Steve Fidel, Deseret News
Sheryl Ginsberg, an East Millcreek Community Council member, recently wrote a My View op-ed that contained accusations and inaccuracies concerning Millcreek becoming a city ("Don't incorporate Millcreek Township," July 25). She begins by referencing a letter by Jeff Silvestrini — Mount Olympus Community Council chair, chair of Millcreek Township Council and past chair of the Association of Community Councils Together — that expresses his opinion. Ginsberg, however, ignores Silvestrini's compelling and persuasive arguments in favor of Millcreek becoming a city.
Silvestrini writes that he has observed as a community activist and leader for nearly two decades that unlike cities, Millcreek has only volunteers as advocates in the power circles of government; that Salt Lake County government does not, and really cannot, advocate just for Millcreek, and its responsibility is to the whole county; and that becoming a city will end Millcreek's constant legislative battles to protect its boundary and keep our community together.
His entire letter is a must-read for anyone interested in this issue (July 12 issue, Millcreek Journal, Page 5
We would like to address the following inaccurate statements in Ginsberg's editorial:
The statement that becoming a city will increase taxes: Property tax notices arrived in the mail just this week. The county has significantly increased taxes in the unincorporated areas. The promise that the police fee would be temporary is now forgotten. It is being permanently added to the property tax. This property tax increase exceeds the certified rate. Therefore, state law requires they hold a "Truth in Taxation" hearing. It is scheduled for Aug. 2. Historically, taxes for municipal services in unincorporated Salt Lake County have risen many times faster than in nearby cities. (Source: Utah State Tax Commission, July 16, 2012.)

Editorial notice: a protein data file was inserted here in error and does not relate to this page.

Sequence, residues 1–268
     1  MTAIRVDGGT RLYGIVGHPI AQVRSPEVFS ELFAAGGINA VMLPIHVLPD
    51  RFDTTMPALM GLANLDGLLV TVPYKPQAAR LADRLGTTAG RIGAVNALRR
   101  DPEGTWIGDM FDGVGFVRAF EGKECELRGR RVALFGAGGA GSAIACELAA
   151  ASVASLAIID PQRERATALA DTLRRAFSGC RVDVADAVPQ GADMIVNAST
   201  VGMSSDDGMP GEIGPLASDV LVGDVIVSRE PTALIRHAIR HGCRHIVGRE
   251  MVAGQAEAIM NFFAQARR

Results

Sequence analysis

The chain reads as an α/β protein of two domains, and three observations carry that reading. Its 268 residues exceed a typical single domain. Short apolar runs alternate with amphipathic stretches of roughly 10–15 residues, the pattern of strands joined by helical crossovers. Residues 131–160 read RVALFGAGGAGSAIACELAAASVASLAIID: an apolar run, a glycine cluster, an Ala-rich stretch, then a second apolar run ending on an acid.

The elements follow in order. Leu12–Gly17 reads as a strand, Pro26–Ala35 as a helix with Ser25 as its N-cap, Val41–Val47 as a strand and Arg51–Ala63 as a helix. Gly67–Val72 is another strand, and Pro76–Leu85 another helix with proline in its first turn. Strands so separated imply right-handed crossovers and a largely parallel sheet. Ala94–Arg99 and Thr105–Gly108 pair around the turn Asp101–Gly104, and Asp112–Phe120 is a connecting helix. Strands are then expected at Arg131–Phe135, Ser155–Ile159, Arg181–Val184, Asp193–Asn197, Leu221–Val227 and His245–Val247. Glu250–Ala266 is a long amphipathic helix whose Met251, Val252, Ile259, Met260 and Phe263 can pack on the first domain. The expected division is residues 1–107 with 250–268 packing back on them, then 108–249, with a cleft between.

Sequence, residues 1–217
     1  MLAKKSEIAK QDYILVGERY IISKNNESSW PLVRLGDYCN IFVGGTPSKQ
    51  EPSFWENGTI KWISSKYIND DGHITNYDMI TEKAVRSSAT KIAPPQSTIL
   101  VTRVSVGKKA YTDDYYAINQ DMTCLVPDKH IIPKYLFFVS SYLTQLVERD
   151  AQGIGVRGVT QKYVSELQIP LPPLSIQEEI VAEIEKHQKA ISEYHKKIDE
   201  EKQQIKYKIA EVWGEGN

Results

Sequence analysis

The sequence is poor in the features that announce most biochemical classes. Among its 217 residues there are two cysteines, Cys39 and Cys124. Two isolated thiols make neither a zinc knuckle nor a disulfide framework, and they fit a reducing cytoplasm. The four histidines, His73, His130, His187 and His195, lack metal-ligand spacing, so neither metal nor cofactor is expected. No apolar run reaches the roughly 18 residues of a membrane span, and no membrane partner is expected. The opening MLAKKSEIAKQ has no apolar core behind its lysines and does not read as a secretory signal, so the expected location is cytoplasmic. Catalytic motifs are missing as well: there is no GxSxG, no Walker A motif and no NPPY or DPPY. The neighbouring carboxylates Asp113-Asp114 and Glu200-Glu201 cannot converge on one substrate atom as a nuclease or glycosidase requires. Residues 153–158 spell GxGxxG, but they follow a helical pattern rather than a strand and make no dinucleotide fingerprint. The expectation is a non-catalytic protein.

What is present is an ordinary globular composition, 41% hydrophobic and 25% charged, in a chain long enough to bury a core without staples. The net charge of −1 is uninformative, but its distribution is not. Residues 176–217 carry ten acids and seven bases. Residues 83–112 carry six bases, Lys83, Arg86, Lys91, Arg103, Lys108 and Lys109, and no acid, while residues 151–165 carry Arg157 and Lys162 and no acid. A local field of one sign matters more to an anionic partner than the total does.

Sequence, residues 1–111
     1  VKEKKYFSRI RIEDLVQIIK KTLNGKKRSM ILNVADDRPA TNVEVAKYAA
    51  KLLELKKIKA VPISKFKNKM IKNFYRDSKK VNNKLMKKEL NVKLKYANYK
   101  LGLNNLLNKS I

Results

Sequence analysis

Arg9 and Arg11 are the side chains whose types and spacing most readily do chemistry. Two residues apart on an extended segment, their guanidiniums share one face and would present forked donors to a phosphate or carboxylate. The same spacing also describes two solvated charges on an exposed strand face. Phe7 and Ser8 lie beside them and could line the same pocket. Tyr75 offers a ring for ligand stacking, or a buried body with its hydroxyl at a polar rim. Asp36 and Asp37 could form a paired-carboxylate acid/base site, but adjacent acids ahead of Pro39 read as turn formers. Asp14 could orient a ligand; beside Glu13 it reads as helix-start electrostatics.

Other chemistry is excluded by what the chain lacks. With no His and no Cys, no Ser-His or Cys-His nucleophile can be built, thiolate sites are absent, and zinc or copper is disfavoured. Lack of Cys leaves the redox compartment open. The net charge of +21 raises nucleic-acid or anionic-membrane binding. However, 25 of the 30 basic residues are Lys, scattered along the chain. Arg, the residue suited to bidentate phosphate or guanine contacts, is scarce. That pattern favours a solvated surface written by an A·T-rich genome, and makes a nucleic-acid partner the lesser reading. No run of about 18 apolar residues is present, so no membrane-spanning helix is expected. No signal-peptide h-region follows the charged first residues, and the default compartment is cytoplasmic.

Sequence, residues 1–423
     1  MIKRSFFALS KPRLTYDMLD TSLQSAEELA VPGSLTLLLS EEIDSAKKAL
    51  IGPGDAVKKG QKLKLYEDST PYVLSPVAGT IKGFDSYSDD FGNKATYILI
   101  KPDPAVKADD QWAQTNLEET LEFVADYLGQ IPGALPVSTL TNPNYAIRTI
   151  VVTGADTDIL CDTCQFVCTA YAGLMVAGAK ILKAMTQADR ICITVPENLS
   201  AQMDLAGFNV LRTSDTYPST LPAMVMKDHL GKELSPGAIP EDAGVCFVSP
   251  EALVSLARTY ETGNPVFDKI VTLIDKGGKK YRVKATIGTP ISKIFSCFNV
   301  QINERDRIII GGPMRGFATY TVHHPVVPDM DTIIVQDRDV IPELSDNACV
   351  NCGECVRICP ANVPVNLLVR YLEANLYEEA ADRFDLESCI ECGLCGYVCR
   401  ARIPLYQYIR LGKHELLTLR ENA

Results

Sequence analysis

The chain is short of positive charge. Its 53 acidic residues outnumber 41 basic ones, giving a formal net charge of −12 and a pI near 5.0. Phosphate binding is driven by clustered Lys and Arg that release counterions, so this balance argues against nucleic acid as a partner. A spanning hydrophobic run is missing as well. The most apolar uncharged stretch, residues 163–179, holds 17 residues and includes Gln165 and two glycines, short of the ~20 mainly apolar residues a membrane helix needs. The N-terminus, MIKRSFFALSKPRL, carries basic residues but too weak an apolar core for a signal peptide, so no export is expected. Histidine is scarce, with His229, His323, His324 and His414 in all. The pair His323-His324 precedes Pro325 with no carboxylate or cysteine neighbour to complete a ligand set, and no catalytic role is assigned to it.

The statement that creating a new city would be a duplication of government: A municipal government already exists for Millcreek as for other unincorporated areas in Salt Lake County. Becoming a city would simply transfer that government to Millcreek. The independent incorporation feasibility study shows that we can transfer this municipal government without raising taxes. All city expenses will be covered plus $1 million designated for economic development at the same price we now pay for our county municipal government.
The statement that requiring citizens to initiate petitions eliminates the threat of annexations: Actually the law (SB73) requires that property owners, which include businesses, initiate petitions and clearly defines the path to annexation. Business owners and residents may be highly motivated by more attractive city tax rates and other advantages of local municipal government. Several groups have declared their intent to initiate such petitions should the vote fail in November. And the Legislature annually considers modifications to annexation law. Only cities have permanently secure boundaries.
The statement that recent polls show the majority of Millcreek citizens oppose becoming a city and that proponents are a small minority: The oft-quoted 2008 poll is hardly "recent." Much has changed (e.g., the notorious Temporary Police Fee imposed on unincorporated residents, its permanent addition to property taxes, the feasibility study validating our ability to become our own city and take our seat at the table with all cities). Many more are now committed to forming a city. During the much more recent signature-gathering campaign, 8,293 signatures were submitted — well over 20 percent of those on the county's active registered voter list. Every voting precinct was represented. Volunteers found that, overall, 94 percent of those they contacted signed the petition. This indicates overwhelming support. Over 86 percent of Salt Lake County residents live in cities (2010 census). No city has ever returned to unincorporated Salt Lake County.
The Future of Millcreek Association invites all members of community councils and citizens of Millcreek to join in making the City of Millcreek the best it can be. Becoming the City of Millcreek is the only way to control taxes, improve vital services, preserve heritage and keep intact the charming neighborhoods of Millcreek.
Anna Clare Shepherd, chair of the Future of Millcreek Association, and 22 other Association members signed this My View.
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